Monday, April 09, 2007

Sneak peek: LibraryThing for Libraries

Over on Thingology I give a sneak peek of the upcoming LibraryThing for Libraries feature—putting LibraryThing in library catalogs.


Blogger kageeh said...

So I love this! My public library uses the same Horizon program NYPL does. But how do I get my library to want this? It has its own book suggester though it's not nearly as good as yours.

4/09/2007 4:38 PM  
Blogger Tim said...

Hey, what library. I'd love to send them a note, and to check out what they have.

4/09/2007 4:59 PM  
Blogger Unknown said...

Unless you're talking about a furtive mountain, the phrase you're looking for is "sneak peek".

4/09/2007 6:37 PM  
Blogger K said...

And I thought I was a compulsive proofreader...

4/09/2007 7:15 PM  
Anonymous Anonymous said...

What does this add? Similar and related searches have been available features in many vendor's catalogs for a while. Links are based on the Library of Congress subject headings in the record.

When libraries aren't using features, it's not for lack of know-how. It's more because of staff shortages--not enough people to complete and maintain the work.

4/09/2007 7:46 PM  
Blogger Tim said...


(1) I need to be cleared on "related editions." It's not related searches. It's other editions of the same work. Most library catalogs do not have this concept. The bib records are all separate, and if one edition of something is out the user is not necessarily aware of the others.

(2) LibraryThing's recommendations are almost always better than an LCSH. Take the example above. NYPL doesn't use such a feature, but if it did, it would be juggling 3,000+ results. And does the reader of Harry Potter really want any old thing that falls under the topic "Schools -- Fiction"? The Prime of Ms. Jean Brodie anyone?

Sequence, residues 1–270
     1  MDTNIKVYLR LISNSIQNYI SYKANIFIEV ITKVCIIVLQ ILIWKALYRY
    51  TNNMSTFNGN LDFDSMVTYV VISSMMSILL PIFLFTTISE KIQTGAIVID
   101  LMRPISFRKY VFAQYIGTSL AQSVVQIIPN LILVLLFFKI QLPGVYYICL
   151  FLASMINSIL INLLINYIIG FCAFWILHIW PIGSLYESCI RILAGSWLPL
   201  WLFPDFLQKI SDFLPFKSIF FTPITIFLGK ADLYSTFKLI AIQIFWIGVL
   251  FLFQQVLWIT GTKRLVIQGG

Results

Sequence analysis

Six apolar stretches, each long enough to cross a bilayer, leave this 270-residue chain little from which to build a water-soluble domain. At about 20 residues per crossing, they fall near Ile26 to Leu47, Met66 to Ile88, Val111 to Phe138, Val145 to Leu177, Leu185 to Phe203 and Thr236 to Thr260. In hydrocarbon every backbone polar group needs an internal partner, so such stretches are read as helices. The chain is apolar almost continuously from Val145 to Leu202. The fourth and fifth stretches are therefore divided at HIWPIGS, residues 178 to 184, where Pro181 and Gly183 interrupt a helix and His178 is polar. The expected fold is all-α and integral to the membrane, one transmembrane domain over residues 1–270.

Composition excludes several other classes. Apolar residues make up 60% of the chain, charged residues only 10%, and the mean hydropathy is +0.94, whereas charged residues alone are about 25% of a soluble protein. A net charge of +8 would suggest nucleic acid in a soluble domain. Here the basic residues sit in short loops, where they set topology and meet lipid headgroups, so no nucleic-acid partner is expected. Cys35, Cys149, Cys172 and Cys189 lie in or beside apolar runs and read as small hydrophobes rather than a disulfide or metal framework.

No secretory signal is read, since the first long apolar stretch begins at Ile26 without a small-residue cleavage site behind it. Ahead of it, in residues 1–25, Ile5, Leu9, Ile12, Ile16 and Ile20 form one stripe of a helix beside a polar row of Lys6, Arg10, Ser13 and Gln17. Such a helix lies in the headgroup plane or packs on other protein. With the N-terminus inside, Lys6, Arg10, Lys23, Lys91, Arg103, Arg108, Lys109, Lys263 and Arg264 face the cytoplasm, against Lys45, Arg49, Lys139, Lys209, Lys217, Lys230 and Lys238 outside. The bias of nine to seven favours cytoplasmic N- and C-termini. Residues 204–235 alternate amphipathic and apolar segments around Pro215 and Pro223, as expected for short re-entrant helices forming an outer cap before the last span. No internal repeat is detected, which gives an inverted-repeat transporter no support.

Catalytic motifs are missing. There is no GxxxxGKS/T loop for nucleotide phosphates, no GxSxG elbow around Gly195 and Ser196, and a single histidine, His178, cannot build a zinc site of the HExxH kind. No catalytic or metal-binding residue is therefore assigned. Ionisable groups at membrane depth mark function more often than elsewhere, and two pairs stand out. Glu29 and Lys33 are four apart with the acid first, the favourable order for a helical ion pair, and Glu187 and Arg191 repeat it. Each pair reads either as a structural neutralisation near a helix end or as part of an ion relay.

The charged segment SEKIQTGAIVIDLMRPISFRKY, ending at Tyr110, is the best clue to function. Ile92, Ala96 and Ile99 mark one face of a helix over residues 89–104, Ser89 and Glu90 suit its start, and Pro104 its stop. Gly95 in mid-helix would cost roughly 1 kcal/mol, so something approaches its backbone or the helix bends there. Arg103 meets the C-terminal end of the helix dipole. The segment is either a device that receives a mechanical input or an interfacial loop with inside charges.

4/09/2007 8:02 PM  
Anonymous Anonymous said...

The concept is present in title, added title and uniform title. Searches such as that are being used. Your work does give it more prominence, makes it more friendly. The LCSH features can be narrowed using different combinations of headings.

These are nice, but when will the promised features for LT be arriving?

4/09/2007 8:23 PM  
Blogger Tim said...

I think that what is possible needs to have better contact with what is done, and with how well it can be done.

While it is true that LCSH can be narrowed, LCSH is not a similar books algorithm. The reasons are many, but here's a few.

(1) Similarity of subject matter is not the same thing as similarity of interest. Someone who enjoyed Neuromancer is not necessarily interested in other books classed "Nervous system -- Wounds and injuries -- Fiction." The reader of Armistead Maupin's _Tales of the City_ is not necessarily looking for more on "City and Town Life -- Humorous stories."
(2) the links point more in one direction than another--they are added to indicate the "best" three of four subjects of a book, rather than forming the "best" list of books about something.
(3) They do not reflect how readers see the world and its books. If you loved Bridget Jones's Diary, LibraryThing's tag "chick lit" or its recommendations for a particular chick lit book-—which are somewhat interrelated--are a better way find other books you might like than "Love stories."